"DidI shoot it? Ho, ho, ha, ha! What doyouthink! Sir?"
And with that enigmatic answer the dialogue closed.
WHENreferring to a recent Lecture by a certain Noble Marquis (distinguished in the "P.R.-age" of the Realm), the ladies generally say, that they should decidedly object to be married "under the Queensberry Rules."Theirprize ring is quite another affair.
"DOWN AMONG THE COALS."—The most appropriate place wherein to try "the scuttle" policy would, of course, be—Newcastle.
(Fragments from a Narrative somewhat in the style of E. A. Poe.)
Even while one gazed, the current acquired a monstrous velocity.
Each moment added to its speed—to its headlong impetuosity.
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The vast bed of the waters, seamed and scarred into a thousand conflicting channels, burst suddenly into frenzied convulsion—heaving, boiling, hissing, —gryrating in gigantic and innumerable vortices, and all whirling and plunging on with a rapidity which water never elsewhere assumes except in precipitous descents.
Precipitous descents! Niagara's abrupt and headlong plunge is but as an eddy in a rocky trout-stream compared with what was soon to be seenhere. In brief space there came over the scene another radical alteration. The general surface grew somewhat more smooth, and the whirlpools one by one disappeared, while prodigious streaks of foam became apparent where none had been seen before. These streaks, at length, spreading out to a great distance, and entering into combination, took unto themselves the gyratory motion of the subsided vortices, and seemed to form the germ of another more vast. Suddenly—very suddenly—this assumed a distinct and definite existence in a circle of a colossal and seemingly all-embracing diameter. The edge of the whirl was represented by a broad belt of gleaming, turbid slime—cumbered spray, foul, festering, furiously troubled, slipping, as it seemed, particle by particle, viscid gout by gout, into the mouth of the terrific funnel, whose interior, as far as the eye could fathom it, was a smooth, shining, and jet-black wall of water, inclined to the horizon at an angle of some forty-five degrees, speeding dizzily round and round, with a swaying and sweltering motion, and sending forth to the winds an appalling voice half shriek, half roar, such as not even the mighty cataract of Niagara ever lifts up in its agony to Heaven.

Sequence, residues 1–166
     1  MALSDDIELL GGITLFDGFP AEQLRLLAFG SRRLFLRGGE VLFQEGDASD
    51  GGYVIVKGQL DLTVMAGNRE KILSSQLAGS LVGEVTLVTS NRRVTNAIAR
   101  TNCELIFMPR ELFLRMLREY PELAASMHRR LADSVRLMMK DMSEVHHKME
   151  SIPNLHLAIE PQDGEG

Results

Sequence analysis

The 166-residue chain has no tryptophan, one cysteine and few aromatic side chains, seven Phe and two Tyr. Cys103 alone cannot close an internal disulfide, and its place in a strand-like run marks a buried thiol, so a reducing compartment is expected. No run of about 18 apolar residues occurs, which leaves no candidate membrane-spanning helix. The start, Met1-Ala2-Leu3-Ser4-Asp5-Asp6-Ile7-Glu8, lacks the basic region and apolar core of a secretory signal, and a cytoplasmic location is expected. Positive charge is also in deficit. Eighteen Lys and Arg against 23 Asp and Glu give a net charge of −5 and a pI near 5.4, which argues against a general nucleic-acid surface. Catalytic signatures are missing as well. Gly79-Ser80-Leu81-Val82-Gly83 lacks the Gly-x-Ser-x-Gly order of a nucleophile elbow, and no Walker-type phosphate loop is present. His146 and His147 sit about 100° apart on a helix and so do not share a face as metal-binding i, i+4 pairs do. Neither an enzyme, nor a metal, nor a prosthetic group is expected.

Then, said I, thiscannothing else than the "great, all-whelming whirlpool ofbe the Maelström!"
In all violent eddies at sea there is good fishing, at proper opportunities, if only one has the courage to attempt it. In fact, it is made a matter of desperate speculation—risk standing instead of labour, and courage, of a reckless, and not too scrupulous sort, answering for capital. But there are many who would lightly adventure the pestilential perils of a tropic stream, or fever-haunted water-way or canal, who would yet shrink from being caught—owing to want of care, and cautious calculation as to the exact
hours of slack and safety —by the hideous, irresistible, all-engulfing, all-FASHIONABLE. wrecking whirl of the"HOW DO YOU LIKE ME IN THIS, VERA? TELL ME THETRUTH." terrifying Ström! Once"WELL,DEAR,IT LOOKS AS IF YOUR PET POODLE HAD DIED, drawn within the down-AND YOU'D HAD HIM MADE UP AS ACLOAK!" draught of that hideous vortex, a whole army might be destroyed more certainly than even by the manifold death-dealing contrivances of modern science, a whole legislature lost in a single hour of ghastly and unhonoured catastrophe!